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NJ man lives off the grid with solar and hydrogen power.

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posted on Jun, 24 2012 @ 08:59 AM
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While researching SHTF survival, I came across this youtube video from 2008. I did a search and did not see anything pertaining to this video. If I over looked it, Mods, please remove.

This guy has built his own power plant, largely from energy grants. He has also converted his car to run on his some of his home made hydrogen. In the video he talks about his home as a starting off point for future technology to minimize the size of the operation. Considering this video is four years old, has anyone heard or read anything about building something like this or has this fallen by the way side like most alternative energy developments?


edit on 24-6-2012 by Catalyst317 because: (no reason given)

edit on 24-6-2012 by Catalyst317 because: (no reason given)




posted on Jun, 24 2012 @ 09:17 AM
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I'm in NJ and never heard about it, thanks for posting it. I would like to visit him.



posted on Jun, 24 2012 @ 09:21 AM
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reply to post by Trueman
 


I was just about to say that...

If anybody living near him could go visit him and maybe get a good interview of this guy that be awesome



edit on 24-6-2012 by ElOmen because: (no reason given)



posted on Jun, 24 2012 @ 09:30 AM
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I have a lot of family in NJ and they have never heard of this either. I am quite surprised since the story was on MSM.

I wonder what sort of background he has. I assume engineering, but what else would he need to be proficient in to build such a thing? Chemistry?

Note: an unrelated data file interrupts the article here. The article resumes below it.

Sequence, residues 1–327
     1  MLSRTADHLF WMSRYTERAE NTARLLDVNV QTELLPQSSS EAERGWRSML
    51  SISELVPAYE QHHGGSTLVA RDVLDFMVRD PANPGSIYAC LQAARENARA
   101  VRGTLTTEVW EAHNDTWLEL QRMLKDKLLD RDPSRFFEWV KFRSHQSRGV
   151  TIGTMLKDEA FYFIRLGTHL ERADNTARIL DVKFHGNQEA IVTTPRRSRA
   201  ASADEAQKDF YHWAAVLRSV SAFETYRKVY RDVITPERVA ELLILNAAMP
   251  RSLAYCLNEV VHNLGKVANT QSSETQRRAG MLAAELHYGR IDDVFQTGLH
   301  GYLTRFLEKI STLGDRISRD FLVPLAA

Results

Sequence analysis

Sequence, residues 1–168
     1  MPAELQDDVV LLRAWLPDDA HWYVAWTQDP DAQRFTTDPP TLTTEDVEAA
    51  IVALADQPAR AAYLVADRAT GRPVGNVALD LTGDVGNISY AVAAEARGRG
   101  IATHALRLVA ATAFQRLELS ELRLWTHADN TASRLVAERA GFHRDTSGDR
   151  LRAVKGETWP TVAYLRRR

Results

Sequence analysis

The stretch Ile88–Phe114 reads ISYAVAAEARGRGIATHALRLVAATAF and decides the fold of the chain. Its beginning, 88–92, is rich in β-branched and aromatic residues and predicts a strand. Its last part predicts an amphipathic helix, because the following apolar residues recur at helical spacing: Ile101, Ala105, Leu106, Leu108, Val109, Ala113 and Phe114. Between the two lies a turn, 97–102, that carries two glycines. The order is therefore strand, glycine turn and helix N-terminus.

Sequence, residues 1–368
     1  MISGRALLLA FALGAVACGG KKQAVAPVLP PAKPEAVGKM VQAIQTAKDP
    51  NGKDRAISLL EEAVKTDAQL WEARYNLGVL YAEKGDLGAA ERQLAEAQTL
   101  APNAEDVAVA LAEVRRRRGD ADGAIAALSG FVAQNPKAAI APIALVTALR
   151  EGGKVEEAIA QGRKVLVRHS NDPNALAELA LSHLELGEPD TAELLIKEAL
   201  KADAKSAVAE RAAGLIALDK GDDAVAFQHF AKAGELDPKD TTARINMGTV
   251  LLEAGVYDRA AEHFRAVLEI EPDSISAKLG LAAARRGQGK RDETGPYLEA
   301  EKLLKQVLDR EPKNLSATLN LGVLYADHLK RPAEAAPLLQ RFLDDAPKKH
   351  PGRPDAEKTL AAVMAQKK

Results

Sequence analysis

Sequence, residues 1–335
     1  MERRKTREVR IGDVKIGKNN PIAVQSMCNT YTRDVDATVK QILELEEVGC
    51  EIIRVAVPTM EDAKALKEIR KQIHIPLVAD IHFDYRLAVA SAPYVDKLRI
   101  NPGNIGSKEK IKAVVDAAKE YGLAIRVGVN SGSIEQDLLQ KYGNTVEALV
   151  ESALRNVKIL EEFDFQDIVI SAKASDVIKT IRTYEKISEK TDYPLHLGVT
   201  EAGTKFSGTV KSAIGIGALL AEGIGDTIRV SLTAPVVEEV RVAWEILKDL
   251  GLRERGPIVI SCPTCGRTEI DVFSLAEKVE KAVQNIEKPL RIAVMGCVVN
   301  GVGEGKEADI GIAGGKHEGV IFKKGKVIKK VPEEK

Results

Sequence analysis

posted on Jun, 24 2012 @ 10:04 AM
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reply to post by Catalyst317
 


Oil isn't a dirty three letter word



posted on Jun, 24 2012 @ 10:06 AM
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reply to post by rebellender
 


You are correct. It is not a dirty word, just an expensive one.



posted on Jun, 24 2012 @ 11:04 AM
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I have been aware of his operation for a while. He was able to get grant money where a lot of others were not. That grant money allowed him to get the solar panels which is at the heart of his system. His electrical system is very expensive and very complicated. The average person could not pull this off unless they hired a full time operator/maintenance person to operate it.


On top of the electrical system he has the hydrogen plant. The grants paid for those big tanks and all that stainless he used for the hydrogen cells. What he is doing with the hydrogen is dangerous which is why he needs so much storage space for the gas. You cannot pressurize the output from a hydrogen generator because it contains oxygen along with the hydrogen at a 2-1 ratio. This is the perfect mixture for an explosion. The three parts of a fire triangle are 1)Fuel (hydrogen) 2)Oxygen 3)Heat (Pressure). That means that a fire can ignite if there is enough pressure to ignite the mixture. This mixture under pressure in a confined space (tank) is a hydrogen bomb unlike the same size tank of 99.9% pure hydrogen gas which can safely be pressurized and liquified.

He does not separate the hydrogen and oxygen. If he were to do that he could release the oxygen or have it certified for welding then pressurize and sell it. He could then pressurize his hydrogen and use it in any hydrogen vehicle or other internal combustion engine or fuel cell supplying electricity from the hydrogen. With a little work he has the components of a working power plant and fuel manufacturing facility. His output is a positive derivative of water and sunlight which would actually help the environment. He has no fuel cost and produces no carbon footprint.